Momentive Workers Stand One Day Longer, One Day Stronger
Workers at Momentive Performance Materials in Waterford, N.Y., ratified a new contract, ending almost 15 weeks on the picket line. The 700 members of IUE-CWA Locals 81359 and 81380 spent a long 100 days on the picket line, and never stopped fighting for good jobs, their families and their community.
Momentive workers and supporters took the fight to Wall Street and demonstrated outside the offices of Apollo Global, the private equity firm that owns Momentive and tried to force drastic cutbacks on workers and retirees.
New York Governor Andrew Cuomo was directly involved in the negotiations and helped bring about the tentative settlement. Many New York State elected officials supported the Momentive workers and joined them on the picket line. The strikers were bolstered by support from union members in New York State and throughout the labor movement, religious and community leaders and elected officials.
First Contracts at DIRECTV!
CWA members at DIRECTV customer call and commercial retention call centers have ratified first contracts. The contracts cover 2,000 workers in Huntsville, Ala.; Tulsa, Okla.; Huntington, WVa.; Eden Prairie, Minn., and Denver.
CWAers at DIRECTV Technical Service Centers in Alabama, California, Colorado, Iowa, Minnesota, and Tennessee ratified their first contract. The 500 technical support workers will join 1,500 CWA-represented colleagues covered by the AT&T National Internet Contract.
A unit of 300 DIRECTV technicians, warehouse and administrative workers in Delaware, Maryland, New Mexico and Oregon reached a tentative first contract; the ratification vote is set for early March.
CWA’s AT&T Mobility bargaining team is pushing hard for a fair contract, with great support from AT&T Mobility and landline workers nationwide. CWAers are holding rallies and informational pickets outside call centers and AT&T stores, standing together for good jobs, fair wages and real job security.
As the CWA News went to press, the 21,000 Mobility members in 21 states were working under the terms of the expired contract; the contract can be terminated with a 72-hour notice. Members voted overwhelmingly to authorize a strike at AT&T Mobility – by a 93 percent vote – if a fair contract isn’t reached. CWAers in Districts 1, 2-13, 4, 7, and 9 are covered by these negotiations.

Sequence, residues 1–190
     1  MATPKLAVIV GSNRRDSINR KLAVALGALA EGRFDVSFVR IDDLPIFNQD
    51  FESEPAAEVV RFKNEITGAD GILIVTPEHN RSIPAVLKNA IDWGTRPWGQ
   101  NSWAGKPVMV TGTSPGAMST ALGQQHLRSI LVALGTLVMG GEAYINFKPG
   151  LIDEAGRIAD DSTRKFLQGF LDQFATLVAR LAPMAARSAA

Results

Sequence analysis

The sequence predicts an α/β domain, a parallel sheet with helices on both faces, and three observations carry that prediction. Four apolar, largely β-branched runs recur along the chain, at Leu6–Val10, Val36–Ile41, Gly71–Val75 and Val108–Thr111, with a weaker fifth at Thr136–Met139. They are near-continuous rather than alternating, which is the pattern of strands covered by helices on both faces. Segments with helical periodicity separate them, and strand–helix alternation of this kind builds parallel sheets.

AT&T has been closing retail stores, cutting jobs and shifting work to “authorized dealers.” The company also is offshoring good customer service jobs, and has sent more than 7,000 jobs company-wide to India, Mexico, Jamaica, the Philippines and other countries. In bargaining, AT&T also has been demanding givebacks on health care, retirement security, sick time and other areas.
CWA District 1 Vice President Dennis Trainor said that AT&T needed to get serious about “protecting good, middle-class jobs for workers. We won’t let them take more and more from the employees who built this company.”
In California and Nevada, CWA members are fighting back as AT&T closes call centers and forces workers to put in long, unscheduled overtime hours. Activists have picketed AT&T events in Las Vegas, held protests on highway overpasses, and joined Mobility workers in actions at wireless stores, to make sure the public knows how AT&T’s greed hurts workers and communities. CWAers also are collecting letters of support from elected officials throughout the states and have pointed out that AT&T’s failure to fully repair and upgrade its telecommunications systems is a serious issue especially for customers especially in rural areas.
AT&T had an incredibly successful 2016, posting profits of $13.3 billion, with revenue up 11.6 percent over 2015.
CWA members, working at wireline, Mobility, DIRECTV and Internet Services, make this company successful. We’re putting AT&T on notice: "We service the customers. We sell the plans. We maintain the network. We deserve our fair share."